When petty bickering turns into a full-force battle, do parents always have to intervene? Not necessarily, says psychologist Arsenio Alianan, Jr., Ph.D. of PyschConsult, Inc. Jumping into every sibling dispute can sometimes keep kids from learning the art of peaceful communication and compromise.
Just like with any other social skill, children need numerous opportunities to practice conflict resolution under the guidance of their parents.
Reasons for Fighting “Kids can fight over anything no matter how seemingly insignificant to us adults,” observes Lala Garcia-Devera, early childhood caregiver and owner of Discovery Day Care in Scarborough, Ontario, Canada. Young children can also be quite moody—one minute they’re malambing to one another, the next minute they’re refusing company. It’s their way of learning to be assertive and independent.
Common conflicts among kids ages 2 to 6 years involve sharing of toys, competing for attention, and invasion of space. Dr. Alianan explains the real culprits behind the fighting in the following cases:
“Give me back my toy!” Toddlers are learning to assert themselves by holding on to their toys or by monopolizing a game or an activity. As they start to interact with kids their age, they also realize that others don’t always agree with them or feel the same way they do. Kids only see things in their own perspective, so they’ll say or do what they want, like grab another kid’s toy, unable yet to empathize with what the other feels. In turn, this provokes the aggrieved party to assert his or her right by grabbing the toy back. And so the fighting ensues.
“Mama and Papa love me more than they love you!” Young tots demand exclusive attention, affection, and affirmation, especially from their parents. They love to take center stage, savoring the idea that they can please or entertain others. Combine this egocentric quality with their inability to take turns and youcan just imagine the kind ofstress preschool teachers faceevery day.
“Get out of my room!” This is a simple case of clashing personalities. Very young siblings are typically curious—so they can’t help but explore ate’s or kuya’s room and tinker around. Older kids relish their personal space, and so take great offense—if not throw a teenaged fit—if anyone, even innocent little siblings, intrudes.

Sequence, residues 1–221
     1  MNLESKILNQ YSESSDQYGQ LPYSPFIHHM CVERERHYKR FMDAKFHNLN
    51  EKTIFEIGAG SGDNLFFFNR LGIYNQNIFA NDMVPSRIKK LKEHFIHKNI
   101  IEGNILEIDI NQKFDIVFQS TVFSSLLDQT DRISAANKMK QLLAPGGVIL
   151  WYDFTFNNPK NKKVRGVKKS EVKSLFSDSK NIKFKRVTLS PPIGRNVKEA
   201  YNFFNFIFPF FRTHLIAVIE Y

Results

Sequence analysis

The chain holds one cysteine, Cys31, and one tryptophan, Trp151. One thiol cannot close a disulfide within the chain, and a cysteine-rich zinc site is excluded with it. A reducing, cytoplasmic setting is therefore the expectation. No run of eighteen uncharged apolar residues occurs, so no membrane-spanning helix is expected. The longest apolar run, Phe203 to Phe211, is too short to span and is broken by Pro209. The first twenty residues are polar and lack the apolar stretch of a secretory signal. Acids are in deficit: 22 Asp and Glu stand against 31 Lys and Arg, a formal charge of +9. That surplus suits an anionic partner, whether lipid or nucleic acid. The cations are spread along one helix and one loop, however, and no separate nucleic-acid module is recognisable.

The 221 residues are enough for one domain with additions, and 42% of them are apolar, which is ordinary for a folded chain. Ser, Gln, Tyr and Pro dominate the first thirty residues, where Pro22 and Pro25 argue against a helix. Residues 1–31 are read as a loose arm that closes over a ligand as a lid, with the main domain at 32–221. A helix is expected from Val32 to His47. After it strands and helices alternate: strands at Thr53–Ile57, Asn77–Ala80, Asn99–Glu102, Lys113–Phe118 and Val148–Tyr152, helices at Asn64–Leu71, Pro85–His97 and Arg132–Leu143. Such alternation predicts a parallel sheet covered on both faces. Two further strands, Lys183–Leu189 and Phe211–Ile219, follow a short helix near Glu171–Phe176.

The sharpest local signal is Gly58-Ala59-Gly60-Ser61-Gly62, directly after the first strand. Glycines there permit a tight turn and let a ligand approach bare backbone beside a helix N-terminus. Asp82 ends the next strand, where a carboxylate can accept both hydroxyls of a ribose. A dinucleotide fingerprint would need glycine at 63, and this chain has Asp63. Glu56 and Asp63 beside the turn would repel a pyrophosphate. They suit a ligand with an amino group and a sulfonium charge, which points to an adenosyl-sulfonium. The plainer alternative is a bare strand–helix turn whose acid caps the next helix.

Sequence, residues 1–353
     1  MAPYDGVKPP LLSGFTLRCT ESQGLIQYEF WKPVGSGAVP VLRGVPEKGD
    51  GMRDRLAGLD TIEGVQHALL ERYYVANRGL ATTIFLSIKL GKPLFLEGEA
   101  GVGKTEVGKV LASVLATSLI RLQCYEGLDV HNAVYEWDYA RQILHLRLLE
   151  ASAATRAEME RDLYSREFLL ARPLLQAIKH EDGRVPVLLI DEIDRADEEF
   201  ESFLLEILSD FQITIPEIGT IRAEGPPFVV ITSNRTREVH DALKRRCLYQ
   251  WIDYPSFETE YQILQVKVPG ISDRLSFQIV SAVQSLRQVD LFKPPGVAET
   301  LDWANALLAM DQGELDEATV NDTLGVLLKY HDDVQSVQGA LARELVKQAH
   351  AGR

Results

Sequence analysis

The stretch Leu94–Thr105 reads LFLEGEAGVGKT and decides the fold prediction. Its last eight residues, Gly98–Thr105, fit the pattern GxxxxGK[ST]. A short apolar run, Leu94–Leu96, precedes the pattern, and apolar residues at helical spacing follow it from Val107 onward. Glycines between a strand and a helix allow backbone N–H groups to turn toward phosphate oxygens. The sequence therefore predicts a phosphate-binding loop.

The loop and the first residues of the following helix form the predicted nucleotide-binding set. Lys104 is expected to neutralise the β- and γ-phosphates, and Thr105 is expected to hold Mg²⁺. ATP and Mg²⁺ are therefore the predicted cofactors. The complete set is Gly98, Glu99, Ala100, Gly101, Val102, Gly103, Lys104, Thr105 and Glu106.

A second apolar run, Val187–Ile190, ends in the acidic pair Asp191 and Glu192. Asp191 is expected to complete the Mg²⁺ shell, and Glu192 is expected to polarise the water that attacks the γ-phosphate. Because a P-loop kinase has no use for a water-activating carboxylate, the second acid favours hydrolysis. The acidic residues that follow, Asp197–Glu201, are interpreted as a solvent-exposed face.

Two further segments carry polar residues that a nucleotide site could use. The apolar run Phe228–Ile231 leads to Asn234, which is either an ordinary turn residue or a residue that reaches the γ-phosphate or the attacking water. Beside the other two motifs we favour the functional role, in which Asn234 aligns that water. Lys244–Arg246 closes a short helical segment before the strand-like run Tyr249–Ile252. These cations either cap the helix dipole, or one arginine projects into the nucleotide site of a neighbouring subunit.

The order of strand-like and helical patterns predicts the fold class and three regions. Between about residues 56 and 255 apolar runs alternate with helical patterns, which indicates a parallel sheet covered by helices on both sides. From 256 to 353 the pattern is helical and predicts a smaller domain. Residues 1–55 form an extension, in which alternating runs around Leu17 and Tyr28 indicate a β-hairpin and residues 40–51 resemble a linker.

Stand Back, Stand By While imposing punitive measures is a shortcut for exhausted parents to quiet things down, allowing kids to resolve a quarrel on their own can provide more meaningful and lasting benefits.
Devera opines, “[Solving problems on their own] is a skill that will last kids a lifetime. They will need this to get along with people.” She admits that she would sometimes leave her kids Serena and Santiago to slug it out—and surprisingly most of the time, they do find solutions to their own conflicts. “Sometimes I just wait until one of them approaches me to tell me what the problem is, then I try to let them figure out what is fair and what is not.”
At Discovery Day Care, which she runs at home, Devera watches up to seven children ages 1 to 3, including her own two kids, every day from 7 a.m. to 5 p.m. She observes that the children usually fight over toys. When they do, Devera takes it as an opportunity to teach them about sharing and taking turns. “I let the child that had the toy first play with it a bit longer, then urge him to share it once he is done,” she illustrates.
With proper guidance, children must be given the opportunity to make choices: which toys they want to play with, what shoes they want to wear, what snack to bring to school. This helps them learn to trust and value their own feelings.
Children who are taught to assert themselves effectively by expressing their feelings and needs while respecting the feelings of others will grow up neither victims nor aggressors. Such kids will more likely be able to resist peer pressure and relate well with their peers and co-workers when they grow older.